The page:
Then, determine which one has the highest interest rate, as that will be your primary focus. Don’t look at how big the debt is compared to others or how many installments are left; the avalanche method’s only criteria is how much interest would accumulate over time. You can use a debt avalanche calculator to make creating a debt avalanche spreadsheet easier.

To make the method work, you will also need to take care of your other debts; don’t fail to make payments. Likewise, make sure you know exactly how much the minimum installments are for each one and set aside the necessary payment amount each month.

Then, use any leftover money you can spare to pay off as much as possible on the highest interest debt, chipping away at it until you eliminate it completely.

Once you pay off your highest-interest debt, give yourself a celebratory pat on the back, but don’t stop there. Use the positive momentum and the motivation you gain from this accomplishment to tackle the next biggest interest with just as much enthusiasm.

Over time, you will start noticing that your debt situation is rapidly improving, removing. Moreover, you can feel confident in the fact you aren’t putting off the most detrimental debts to your financial well-being.

 

Debt Snowball vs Debt Avalanche

Even though the debt avalanche method is very popular, it’s not the only one you can use. In fact, many people looking for a way to take control over their debt usually compare snowball vs avalanche methods before settling on one of them.

As discussed earlier, the debt avalanche method is based on paying off debts with the highest interest. The biggest appeal of this approach is that you’re making the best financial decision in your situation, as paying off debts with the highest interest will save you the most money in the long run.

Still, not everyone agrees that it’s the best approach.

Many point to the debt snowball method as the more effective approach, mostly because it might be better suited for those that need a bit more motivation to pay off their debts.

With the debt snowball method, instead of going after the debts with the highest interest, you would vigorously attack the smallest debt balance you have, eliminating it before moving on to the next.

That way, you get frequent wins by repaying debt in full, which can give a massive boost to your confidence and ensure that you stay on track.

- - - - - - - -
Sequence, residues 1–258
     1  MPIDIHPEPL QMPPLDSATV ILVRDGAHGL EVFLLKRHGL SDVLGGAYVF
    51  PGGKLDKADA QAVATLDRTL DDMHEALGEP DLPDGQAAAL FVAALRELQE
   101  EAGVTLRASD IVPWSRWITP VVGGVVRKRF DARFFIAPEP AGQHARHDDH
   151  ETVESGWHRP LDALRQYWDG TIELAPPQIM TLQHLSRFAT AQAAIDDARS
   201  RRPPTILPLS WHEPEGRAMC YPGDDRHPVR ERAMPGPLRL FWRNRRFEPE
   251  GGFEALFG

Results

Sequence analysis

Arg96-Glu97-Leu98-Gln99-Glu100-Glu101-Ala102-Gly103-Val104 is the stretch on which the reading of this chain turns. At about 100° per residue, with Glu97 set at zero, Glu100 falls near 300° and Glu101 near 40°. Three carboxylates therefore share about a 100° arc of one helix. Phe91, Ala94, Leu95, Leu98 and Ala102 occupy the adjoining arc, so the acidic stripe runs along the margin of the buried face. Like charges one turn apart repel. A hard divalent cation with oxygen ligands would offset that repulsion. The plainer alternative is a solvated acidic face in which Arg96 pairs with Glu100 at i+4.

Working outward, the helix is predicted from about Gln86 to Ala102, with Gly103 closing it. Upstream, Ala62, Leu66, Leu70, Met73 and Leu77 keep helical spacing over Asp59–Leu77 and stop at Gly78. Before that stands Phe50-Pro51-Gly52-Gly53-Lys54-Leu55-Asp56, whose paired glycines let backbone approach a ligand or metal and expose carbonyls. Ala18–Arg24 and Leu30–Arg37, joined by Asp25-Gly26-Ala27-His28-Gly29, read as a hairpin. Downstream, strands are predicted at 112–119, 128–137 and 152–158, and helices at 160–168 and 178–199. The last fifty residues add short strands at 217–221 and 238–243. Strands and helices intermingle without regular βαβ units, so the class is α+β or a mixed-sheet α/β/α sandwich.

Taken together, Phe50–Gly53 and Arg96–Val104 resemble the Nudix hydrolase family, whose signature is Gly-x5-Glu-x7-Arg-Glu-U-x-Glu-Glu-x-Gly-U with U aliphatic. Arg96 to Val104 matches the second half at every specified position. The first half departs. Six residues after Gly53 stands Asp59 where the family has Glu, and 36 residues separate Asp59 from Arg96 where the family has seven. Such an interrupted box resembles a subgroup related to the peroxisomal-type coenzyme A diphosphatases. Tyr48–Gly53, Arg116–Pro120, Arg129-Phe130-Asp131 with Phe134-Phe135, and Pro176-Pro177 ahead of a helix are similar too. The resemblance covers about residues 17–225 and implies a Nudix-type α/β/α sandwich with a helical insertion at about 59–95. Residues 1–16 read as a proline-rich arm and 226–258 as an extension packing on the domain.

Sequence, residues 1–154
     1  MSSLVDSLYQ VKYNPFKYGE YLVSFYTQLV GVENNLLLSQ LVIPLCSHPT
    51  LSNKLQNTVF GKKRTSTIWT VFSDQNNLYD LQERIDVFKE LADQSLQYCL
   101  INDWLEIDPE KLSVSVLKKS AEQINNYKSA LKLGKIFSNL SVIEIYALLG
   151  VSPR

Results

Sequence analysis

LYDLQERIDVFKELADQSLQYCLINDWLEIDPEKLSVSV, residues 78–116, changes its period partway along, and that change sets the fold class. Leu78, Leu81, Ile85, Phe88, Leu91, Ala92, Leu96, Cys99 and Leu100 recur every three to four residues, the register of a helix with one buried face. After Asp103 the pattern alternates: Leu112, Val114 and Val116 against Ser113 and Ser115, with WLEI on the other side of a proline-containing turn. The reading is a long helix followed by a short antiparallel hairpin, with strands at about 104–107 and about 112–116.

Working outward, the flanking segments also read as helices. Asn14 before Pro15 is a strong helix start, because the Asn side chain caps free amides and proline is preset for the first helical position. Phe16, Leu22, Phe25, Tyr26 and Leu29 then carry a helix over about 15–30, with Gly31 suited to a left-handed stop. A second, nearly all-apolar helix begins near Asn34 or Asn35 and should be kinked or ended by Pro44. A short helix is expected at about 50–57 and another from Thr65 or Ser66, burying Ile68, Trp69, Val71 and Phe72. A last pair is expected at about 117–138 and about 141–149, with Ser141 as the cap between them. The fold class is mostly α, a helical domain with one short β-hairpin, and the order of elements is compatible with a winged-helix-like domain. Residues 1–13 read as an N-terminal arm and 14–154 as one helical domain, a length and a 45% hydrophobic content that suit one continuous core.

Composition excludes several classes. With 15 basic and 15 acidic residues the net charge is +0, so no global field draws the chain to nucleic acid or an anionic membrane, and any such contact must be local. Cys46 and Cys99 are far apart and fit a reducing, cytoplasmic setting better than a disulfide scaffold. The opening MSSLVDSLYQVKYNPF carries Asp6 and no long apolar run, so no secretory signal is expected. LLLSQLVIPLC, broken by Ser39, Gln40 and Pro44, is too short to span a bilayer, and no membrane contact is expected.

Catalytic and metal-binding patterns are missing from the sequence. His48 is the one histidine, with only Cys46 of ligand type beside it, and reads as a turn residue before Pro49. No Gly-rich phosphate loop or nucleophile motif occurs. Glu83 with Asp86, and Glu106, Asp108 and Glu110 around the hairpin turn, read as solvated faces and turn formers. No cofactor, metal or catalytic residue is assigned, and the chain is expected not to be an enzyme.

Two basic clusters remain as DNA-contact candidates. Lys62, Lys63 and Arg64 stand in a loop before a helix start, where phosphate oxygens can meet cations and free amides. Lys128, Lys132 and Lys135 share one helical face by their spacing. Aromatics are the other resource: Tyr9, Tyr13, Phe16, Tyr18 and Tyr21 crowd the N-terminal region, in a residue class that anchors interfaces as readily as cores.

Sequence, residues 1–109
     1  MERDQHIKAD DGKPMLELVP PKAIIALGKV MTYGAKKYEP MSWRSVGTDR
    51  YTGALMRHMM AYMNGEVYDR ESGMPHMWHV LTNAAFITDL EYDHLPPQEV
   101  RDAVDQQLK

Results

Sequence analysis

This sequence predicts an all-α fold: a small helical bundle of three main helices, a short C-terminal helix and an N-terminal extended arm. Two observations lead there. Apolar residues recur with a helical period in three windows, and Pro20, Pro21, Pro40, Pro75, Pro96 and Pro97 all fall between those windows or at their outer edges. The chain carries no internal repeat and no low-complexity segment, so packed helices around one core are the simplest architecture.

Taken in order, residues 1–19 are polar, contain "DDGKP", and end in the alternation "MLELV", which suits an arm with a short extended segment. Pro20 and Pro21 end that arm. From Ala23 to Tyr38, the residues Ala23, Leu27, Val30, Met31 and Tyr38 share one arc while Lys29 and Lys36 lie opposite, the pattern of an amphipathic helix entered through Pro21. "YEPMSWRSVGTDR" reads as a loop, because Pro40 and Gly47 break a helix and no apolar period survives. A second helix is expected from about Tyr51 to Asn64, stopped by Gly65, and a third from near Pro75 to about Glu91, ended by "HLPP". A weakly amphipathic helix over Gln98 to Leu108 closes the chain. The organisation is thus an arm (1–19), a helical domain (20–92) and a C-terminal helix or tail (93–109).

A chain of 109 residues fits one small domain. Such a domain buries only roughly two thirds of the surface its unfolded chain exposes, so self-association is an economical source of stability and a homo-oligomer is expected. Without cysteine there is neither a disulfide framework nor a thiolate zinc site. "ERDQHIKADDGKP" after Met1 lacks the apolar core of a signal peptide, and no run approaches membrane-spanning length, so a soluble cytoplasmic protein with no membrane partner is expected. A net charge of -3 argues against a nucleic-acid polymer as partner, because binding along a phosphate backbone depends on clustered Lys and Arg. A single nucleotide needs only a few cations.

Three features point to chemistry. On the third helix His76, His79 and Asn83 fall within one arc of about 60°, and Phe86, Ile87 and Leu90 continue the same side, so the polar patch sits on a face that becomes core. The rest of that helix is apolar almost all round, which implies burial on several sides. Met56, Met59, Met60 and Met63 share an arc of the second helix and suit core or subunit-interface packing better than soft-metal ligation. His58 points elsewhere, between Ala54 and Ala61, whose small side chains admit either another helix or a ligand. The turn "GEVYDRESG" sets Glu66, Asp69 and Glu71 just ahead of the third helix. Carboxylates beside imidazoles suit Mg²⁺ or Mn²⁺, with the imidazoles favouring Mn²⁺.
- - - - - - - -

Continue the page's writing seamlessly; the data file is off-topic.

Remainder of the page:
Meanwhile, with the debt avalanche approach, you might have to work for years to get your first debt repaid simply because it was also the largest.

But if you use a snowball vs avalanche calculator, you will find that while the avalanche method might not be as rewarding, it is almost always the smart financial choice if you can stick with it.

 

Pros and Cons of Using the Debt Avalanche Method

At this point, you probably have a pretty good understanding of how the debt avalanche method works as well as how the debt snowball vs debt avalanche methods compare to each other.

However, to help you figure out whether it’s the right approach in your situation, it might be useful to look at the main pros and cons that this debt repayment method comes with.

Pros

  • With the avalanche method, debt with the highest interest is paid off first, which is the best financial decision in most situations, as that will save you money over time.
  • By attacking the high-interest debts first, you will effectively be decreasing your debt and will prevent the interest from becoming overwhelming.
  • In the long run, this can help you eliminate your debt faster because the interest you’ll have to pay will be significantly lower than if you just paid each debt in equal installments or attacked the smallest debts first.

 

Cons

  • If you have many unpaid debts, having a long list to keep track of can be overwhelming and make it seem like there’s no end in sight.
  • Sometimes, your highest-interest debts will also be some of your biggest, which means that it might take a while to repay the first one, which will require patience.
  • Because it takes longer to repay the debt, you might also have a harder time staying motivated and following through, especially compared to the debt snowball method that comes with quick victories. This is probably the biggest con when comparing debt snowball vs avalanche

 

How CreditAssociates Can Help

The debt avalanche method is a great way to pay off your debt in the most financially sound way possible. However, to make the method more effective, you should try to lower the debt you have to pay in the first place.

CreditAssociates can help renegotiate terms with your creditors, helping you to pay less and get out of debt much more quickly. If you want to learn more about our debt relief services, contact us for a free consultation. We can help you become debt-free in as little as 24 months.